“I think, bottom line, the probability of the risk has increased dramatically since the middle of 2021. As political tensions continue to escalate, I think we can expect to see less and less of any Russian activities to try to curb the aggressiveness of these gangs,” Barak says.
Large, complex healthcare organizations must pay attention to every unit, Barak says. Many clinics, providers, and other hospitals that are part of your network can access your systems, but they do not all share the same level of security practices and maturity.
“Some of them are very, very early on in their maturity life cycle — think clinics and small providers. Others are very mature, like sophisticated, large hospitals,” Barak explains. “You create a situation where the strength of the chain is the strength of its weakest link because they all have access to those systems. It’s enough to breach one of those links in the chain in a supply chain to actually breach that entire network.”
Another challenge is maintaining focus and intensity in cybersecurity efforts. With a highly publicized incident like the CommonSpirit attack, there can be a blip in the level of awareness of executive leadership and more willingness to address the risk.
“One of the challenges for us as security practitioners is to make sure that blip doesn’t last for only two or three weeks after the incident. Rather, we need to keep it in conscious awareness of executive leadership on an ongoing basis,” Barak says. “The sad reality of most organizations is there is a temporary effect right around an incident like CommonSpirit, but it subsides.”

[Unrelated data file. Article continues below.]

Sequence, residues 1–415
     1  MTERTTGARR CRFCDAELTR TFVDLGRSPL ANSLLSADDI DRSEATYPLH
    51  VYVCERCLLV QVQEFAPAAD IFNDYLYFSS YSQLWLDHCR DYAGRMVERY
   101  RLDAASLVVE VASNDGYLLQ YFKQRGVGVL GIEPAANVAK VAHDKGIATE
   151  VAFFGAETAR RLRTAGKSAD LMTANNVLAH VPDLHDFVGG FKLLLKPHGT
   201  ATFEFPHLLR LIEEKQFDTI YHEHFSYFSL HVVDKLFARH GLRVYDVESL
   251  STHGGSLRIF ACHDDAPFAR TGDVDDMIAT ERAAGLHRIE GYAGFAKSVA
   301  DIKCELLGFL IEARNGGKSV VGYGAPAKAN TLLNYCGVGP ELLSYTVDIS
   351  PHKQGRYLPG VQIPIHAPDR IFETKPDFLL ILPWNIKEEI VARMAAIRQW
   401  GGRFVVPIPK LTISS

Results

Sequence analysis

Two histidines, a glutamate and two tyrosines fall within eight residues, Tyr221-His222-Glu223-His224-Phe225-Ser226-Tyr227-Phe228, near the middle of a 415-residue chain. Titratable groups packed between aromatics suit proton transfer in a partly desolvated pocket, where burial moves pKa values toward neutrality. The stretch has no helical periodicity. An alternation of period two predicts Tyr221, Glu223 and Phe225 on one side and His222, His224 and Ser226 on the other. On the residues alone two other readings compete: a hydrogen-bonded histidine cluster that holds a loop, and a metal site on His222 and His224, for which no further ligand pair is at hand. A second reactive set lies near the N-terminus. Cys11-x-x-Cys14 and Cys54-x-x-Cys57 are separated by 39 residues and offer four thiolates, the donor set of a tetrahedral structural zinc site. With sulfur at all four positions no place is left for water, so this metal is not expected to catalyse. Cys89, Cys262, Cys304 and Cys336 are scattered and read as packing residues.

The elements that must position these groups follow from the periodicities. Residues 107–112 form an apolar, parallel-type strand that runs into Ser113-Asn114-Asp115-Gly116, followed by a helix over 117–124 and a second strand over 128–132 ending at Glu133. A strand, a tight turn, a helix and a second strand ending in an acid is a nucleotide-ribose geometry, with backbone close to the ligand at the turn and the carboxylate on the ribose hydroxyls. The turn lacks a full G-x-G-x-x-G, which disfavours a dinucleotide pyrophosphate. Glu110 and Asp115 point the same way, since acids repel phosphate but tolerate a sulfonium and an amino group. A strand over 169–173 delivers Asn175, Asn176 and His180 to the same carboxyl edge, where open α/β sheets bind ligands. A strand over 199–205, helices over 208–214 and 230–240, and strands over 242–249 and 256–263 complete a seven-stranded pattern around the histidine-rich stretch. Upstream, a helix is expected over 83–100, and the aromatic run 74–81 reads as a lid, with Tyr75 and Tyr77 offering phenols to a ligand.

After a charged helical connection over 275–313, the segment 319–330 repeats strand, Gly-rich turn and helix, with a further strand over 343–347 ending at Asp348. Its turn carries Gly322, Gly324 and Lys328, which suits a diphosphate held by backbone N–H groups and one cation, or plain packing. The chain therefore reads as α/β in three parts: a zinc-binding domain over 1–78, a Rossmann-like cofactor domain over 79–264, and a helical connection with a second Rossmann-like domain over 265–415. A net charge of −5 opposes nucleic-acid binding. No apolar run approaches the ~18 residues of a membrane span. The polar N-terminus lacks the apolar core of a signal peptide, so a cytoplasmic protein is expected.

Interoperability at Play
The push in recent years for interoperability creates more cybersecurity risks for healthcare organizations, says Kim Biddings, vice president of product with BIO-key, a company based in Wall, NJ, that provides access management solutions. Combined with mergers and acquisitions, the effect can be a “nesting” of organizations inside organizations.
“Health systems consolidate and go underneath umbrella corporations or umbrella institutions. They started, but they’ve done a really, really bad job centralizing it and centralizing technology,” Biddings says. “I think for a risk leader, one of the things to realize is that if you have two or three or four hospital systems, and they all use a different EHR, it can easily take six months.”
With CommonSpirit forming from a huge merger and acquisition in 2019, it is unrealistic to expect their systems are fully integrated, Biddings says. Healthcare organizations should conduct a risk assessment on any entity it will be buying or partnering with, as well as any entity that will have access to the technology.
Biddings notes healthcare organizations might take longer to recover from ransomware attacks than in the past. She worked with healthcare entities in 2016 that recovered within a week, but the CommonSpirit outage was longer. Recently, Biddings reviewed breach reports filed with HHS and noted most of them were due to hacking.
“There are definitely lessons we should have learned by now. But I also am not sure what to say at this point if we aren’t learning the lessons. This isn’t a new problem,” Biddings laments. “If anything, it’s just becoming more and more of an issue. I would attribute a lot of this to the consolidation kind of ecosystem merger that’s happened. You can’t connect IT systems that quickly and not assume that there’ll be security gaps.”
Geofencing can be another safeguard against cyberattacks, says Richard Sheinis, JD, partner with Hall Booth Smith in Charlotte, NC. This tactic uses technical solutions to build a virtual fence around an organization with parameters set by leadership. The geofencing can prevent contact from someone outside the fenced area, or at least alert the organization to a contact outside the zone.
“Is there a reason that an IP address in Malaysia, for example, should be able to access your system?” Sheinis asks. “That can be a line of defense, but it is not enough on its own because the threat actors have certainly gotten better. If it’s a person in Malaysia, Russia, or wherever, they will bounce their signal around and use a bot that might be located somewhere in the United States. That is the final IP address that is accessing the victim’s environment.”